How to Start a Home Health Agency in Florida

by Owen E. Richason IV; Updated September 26, 2017

Home health care agencies provide in-home care primarily to seniors, but also persons with disabilities. These agencies are in demand as the senior citizen demographic increases in the United States–particularly in the state of Florida–-and an entrepreneur experienced in providing health care can make a good living. In fact, the average compensation for a home health manager recorded by the United States' Bureau of Labor and Statistics exceeded $83,000 in 2007, according to U.S. News. & World Report. To open a home health care agency in Florida, you will need to complete some preparatory steps.

Step 1

Review the census to determine which areas in your Florida locality most need a home health care agency. Go to the United States Census Bureau's website and research the areas near you that have a high population of senior citizens as these areas will have the largest potential client base. Also look through local newspapers and real estate publications to see what retirement communities are advertising properties for sale as retirement communities will provide an ideal client base.

Step 2

Get licensed by the state of Florida. The Florida Department of Health's Division of Medical Quality Assurance requires health care professionals and professional agencies to be licensed to operate legally. Go to the Florida Department of Health's Division of Medical Quality Assurance website and navigate to the "My License" link located on the left side of the website to begin the licensing process.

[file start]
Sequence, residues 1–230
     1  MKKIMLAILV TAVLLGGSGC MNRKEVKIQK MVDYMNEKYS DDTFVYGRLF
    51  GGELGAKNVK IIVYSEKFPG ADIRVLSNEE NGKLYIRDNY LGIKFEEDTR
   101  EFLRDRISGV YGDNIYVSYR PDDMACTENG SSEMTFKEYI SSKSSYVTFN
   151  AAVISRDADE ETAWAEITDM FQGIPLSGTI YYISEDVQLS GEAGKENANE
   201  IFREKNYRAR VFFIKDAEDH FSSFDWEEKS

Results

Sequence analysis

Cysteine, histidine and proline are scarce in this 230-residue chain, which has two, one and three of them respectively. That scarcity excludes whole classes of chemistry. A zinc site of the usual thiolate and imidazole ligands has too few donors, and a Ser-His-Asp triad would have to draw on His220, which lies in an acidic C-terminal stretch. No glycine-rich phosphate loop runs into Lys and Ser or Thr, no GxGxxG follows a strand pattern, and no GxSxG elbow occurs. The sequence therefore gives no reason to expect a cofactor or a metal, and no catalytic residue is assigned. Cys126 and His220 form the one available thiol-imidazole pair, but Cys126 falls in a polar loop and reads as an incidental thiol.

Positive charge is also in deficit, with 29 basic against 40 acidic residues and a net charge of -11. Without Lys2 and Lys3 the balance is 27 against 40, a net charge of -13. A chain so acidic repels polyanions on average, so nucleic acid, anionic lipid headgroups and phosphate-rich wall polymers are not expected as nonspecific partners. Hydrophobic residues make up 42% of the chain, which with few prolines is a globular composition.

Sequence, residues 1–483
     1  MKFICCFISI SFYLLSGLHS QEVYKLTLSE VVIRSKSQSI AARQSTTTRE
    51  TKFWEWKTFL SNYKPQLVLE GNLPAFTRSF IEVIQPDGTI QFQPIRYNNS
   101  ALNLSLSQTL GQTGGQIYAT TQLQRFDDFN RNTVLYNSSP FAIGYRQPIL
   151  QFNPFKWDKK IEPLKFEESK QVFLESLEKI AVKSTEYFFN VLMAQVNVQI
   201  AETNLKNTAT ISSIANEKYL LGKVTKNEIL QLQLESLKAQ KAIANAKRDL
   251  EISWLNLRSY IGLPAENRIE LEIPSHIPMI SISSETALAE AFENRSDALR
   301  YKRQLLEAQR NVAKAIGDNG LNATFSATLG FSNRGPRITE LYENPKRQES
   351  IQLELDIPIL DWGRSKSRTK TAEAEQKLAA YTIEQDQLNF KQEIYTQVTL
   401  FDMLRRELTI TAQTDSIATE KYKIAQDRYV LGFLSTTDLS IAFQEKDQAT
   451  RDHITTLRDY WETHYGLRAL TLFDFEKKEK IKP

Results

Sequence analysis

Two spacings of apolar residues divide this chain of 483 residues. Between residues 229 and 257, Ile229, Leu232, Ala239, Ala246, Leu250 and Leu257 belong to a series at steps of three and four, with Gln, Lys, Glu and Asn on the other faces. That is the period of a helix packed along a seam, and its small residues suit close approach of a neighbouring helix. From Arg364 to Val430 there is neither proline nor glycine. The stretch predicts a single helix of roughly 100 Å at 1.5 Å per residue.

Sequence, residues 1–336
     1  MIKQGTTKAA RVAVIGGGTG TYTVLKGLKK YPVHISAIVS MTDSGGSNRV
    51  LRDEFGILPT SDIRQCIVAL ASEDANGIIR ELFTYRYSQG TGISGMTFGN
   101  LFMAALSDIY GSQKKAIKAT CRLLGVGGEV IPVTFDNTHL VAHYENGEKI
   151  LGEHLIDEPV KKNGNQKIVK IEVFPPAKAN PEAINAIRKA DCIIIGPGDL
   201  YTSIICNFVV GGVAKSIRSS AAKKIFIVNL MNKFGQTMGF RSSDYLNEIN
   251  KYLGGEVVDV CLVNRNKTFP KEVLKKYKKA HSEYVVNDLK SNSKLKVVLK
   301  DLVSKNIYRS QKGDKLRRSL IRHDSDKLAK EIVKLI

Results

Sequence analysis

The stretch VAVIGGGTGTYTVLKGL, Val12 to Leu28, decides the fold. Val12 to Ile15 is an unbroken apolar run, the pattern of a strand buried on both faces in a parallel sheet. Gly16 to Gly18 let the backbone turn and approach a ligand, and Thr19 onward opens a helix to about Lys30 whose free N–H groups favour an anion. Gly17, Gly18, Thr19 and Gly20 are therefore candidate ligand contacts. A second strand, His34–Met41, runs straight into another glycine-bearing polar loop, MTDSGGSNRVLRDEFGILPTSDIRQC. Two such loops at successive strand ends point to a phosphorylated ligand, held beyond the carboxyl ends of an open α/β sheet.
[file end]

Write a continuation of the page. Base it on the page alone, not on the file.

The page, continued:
Step 3

Acquire a surety bond. Home health care agencies are required to carry a surety bond by the state of Florida. The Florida Agency for Health Care Administration's website says, "(home health care agencies) must file a surety bond of at least $500,000, payable to the agency, which guarantees that the health care clinic will act in full conformity with all legal requirements for operation."

Step 4

Obtain financing. Visit the Small Business Administration online and navigate to the "Financial Assistance" section. There you will find SBA-approved small business loan providers as well as information about obtaining a business loan. You may also seek financing individually from venture capitalists and through a local Florida banking institution.

Step 5

Insure your Florida-based home health agency. Contact a licensed Florida insurance agent and ask what legal requirements you must meet for insuring your home health care agency. Among the types of insurance you will need are liability and medical malpractice.

Step 6

Get set up to accept Medicare, Medicaid, and private insurance. Telephone the Florida Medicaid office and ask how to become an approved home health care provider. Provide the Florida Medicaid office with a copy of your home health care agency's license, insurance, and surety bond to become an approved service provider. In addition, telephone health insurance agencies that operate in Florida, such as Aetna and Blue Cross/Blue Shield, and ask how to become an approved health care provider.

Step 7

Locate office space. Your home health care agency will need professional office space from which to operate. The space should have at least one office, a reception area and a conference room for employee meetings and first-time client consultations.

Step 8

Hire employees. Contact a local Florida medical staffing or placement agency and inquire about hiring or contracting health care service providers. These will include, but are not limited to, registered nurses, licensed practical nurses, certified nursing assistants and support staff, such as courtesy drivers and office staff. Also contact local community colleges and universities and ask to speak to the head of the nursing program to inquire about internships for health care students.

About the Author

Owen Richason grew up working in his family's small contracting business. He later became an outplacement consultant, then a retail business consultant. Richason is a former personal finance and business writer for "Tampa Bay Business and Financier." He now writes for various publications, websites and blogs.